As demonstrated elsewhere, people have gotten 'upset' about wishing well to others on various holidays that are associated with a particular religion.

Let us look at three holidays of the Christian faith that are celebrated by many more than the faithful of the various branches of Christianity.


Of those that set up a Christmas tree and put socks up over the fireplace, how many call themselves Christian? Probably a fair number - though as my co-worker can attest to, he is an atheist and his girlfriend is Jewish, and yet they had a Christmas tree. Now, of those who do call themselves Christian, how many actually follow through with all the classical religious traditions. How many are aware of advent beyond band groups selling calendars with chocolate in them? With advent, there is a wreath of four candles in a circle of evergreen branches. Three of the candles are violet, and the fourth one is rose. Each day, before the evening meal, the candles are lit - one candle the first week, two on the second week, and so on. The third week's candle is the rose one. In the center, a single white candle is lit upon Christmas Eve. These symbolize the increasing light and a crescendo of expectance until the Christ candle is lit - reminding the faithful that Jesus has come as the light of the world.

There is an old custom from Europe and parts of America where symbolic ornaments on a Christmas tree are hung during Advent. These ornaments represent the Messianic prophecies. A Christmas tree with these ornaments is called a Jesse Tree - named after the father of King David - of which the Messiah was to be a descendent of. Each day had a separate passage from the Bible that was read, and a symbol from that passage is placed upon the tree. How often do you see a Christmas tree without a star until the day before? Or a symbolized hand hanging on the tree - the second Wednesday of Advent and its corresponding passage Numbers 6:22-27 (the hand represents the blessing of the Lord).

Every year, fewer and fewer people remember the religious part of the Christmas holiday, yet the Christmas Spirit remains - Peace on Earth, Goodwill to all men.

Mardi Gras/Carnival

Mardi Gras is a time of wild indulgences, most well known in the city of New Orleans where over a half a million people on crowd onto Canal Street alone (especially the nubile young women who respond back to the shout of "Show your tits!" with exposed assets).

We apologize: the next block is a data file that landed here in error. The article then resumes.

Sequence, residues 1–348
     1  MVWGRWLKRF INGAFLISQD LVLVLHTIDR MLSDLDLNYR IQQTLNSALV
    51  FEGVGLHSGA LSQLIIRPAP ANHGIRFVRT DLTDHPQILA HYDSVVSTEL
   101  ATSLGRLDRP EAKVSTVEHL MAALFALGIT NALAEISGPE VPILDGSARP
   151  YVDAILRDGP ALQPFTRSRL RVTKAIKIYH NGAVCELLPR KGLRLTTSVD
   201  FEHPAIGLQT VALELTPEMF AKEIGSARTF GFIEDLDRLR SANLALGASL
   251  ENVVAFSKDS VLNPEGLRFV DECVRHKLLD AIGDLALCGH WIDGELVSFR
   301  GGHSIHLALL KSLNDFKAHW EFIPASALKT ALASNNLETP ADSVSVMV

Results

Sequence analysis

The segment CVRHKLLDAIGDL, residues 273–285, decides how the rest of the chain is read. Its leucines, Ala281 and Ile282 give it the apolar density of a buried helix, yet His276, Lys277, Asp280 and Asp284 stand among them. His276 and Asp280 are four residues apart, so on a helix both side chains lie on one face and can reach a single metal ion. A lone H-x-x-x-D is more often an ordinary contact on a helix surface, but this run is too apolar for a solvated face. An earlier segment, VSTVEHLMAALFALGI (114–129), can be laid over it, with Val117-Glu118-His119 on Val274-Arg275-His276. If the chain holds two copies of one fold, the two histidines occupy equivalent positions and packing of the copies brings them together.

This is the day before Ash Wednesday - when Lent starts and the name comes from "Fat Tuesday" - Mardi Gras in French. During lent, it is not allowed to have things with fat in it. Hence, people tried to use up all their extra fat before it goes bad during the period of fasting. The most typical symbol of this is the pretzel - it uses lots of fat in its making, and the traditional shape resembles the folded hands of a person in prayer.

Mardi Gras itself was the last chance for the faithful to submit themselves to the worldly pleasures before you gave them up during the period of fasting. Of the half million people who stand on Bourbon street, how many of them follow up with three Hail Mary's and two Acts of Contrition? Do the people there realize that they are taking part in a celebration of the resurrection of the Son of God, or has Mardi Gras become something else?


All through the month of October, people are gathering the materials for their Halloween costume. It is even part of the public schools in America to have Halloween parties - as a secular holiday.

Halloween is from "All Hallows Eve" - the eve before All Saints Day which is observed on November 1 by the Roman Catholic and Anglican churches where it is a Holy day of Obligation. Yes, this is from the pagan Celtic faith before it was incorporated into Christianity. Yes, blowdart, we got it from that side of the pond. Still, one way or the other - those dressing up are partaking in either a pagan Celtic festival, or a Christian festival.

Today, Halloween is almost entirely a secular festival. The Christian contribution to it has gone, and most think that it is mere coincidence that All Saints Day follows Halloween.

All Saints day is the day when many branches of Christianity celebrate and honor all the saints in Heaven - known and unknown. Historically, children would dress up as various saints which would then be honored at church the next day.

For in the multitude of your saints, you have surrounded us with a great cloud of witnesses, that we might rejoice in their fellowship, and run with endurance the race that is set before us; and, together with them, receive the crown of glory that never fades away.

pg 380 Book of Common Prayer

It seems rather odd that individuals will celebrate one of these holidays with many others, and yet get upset about celebrating another holiday with just as much religious background to it. These holidays, much to the dismay of the Christian faith have lost much of their religious meaning, but have taken on a different meaning today. These new meanings and attitudes are equally worthy of holidays.

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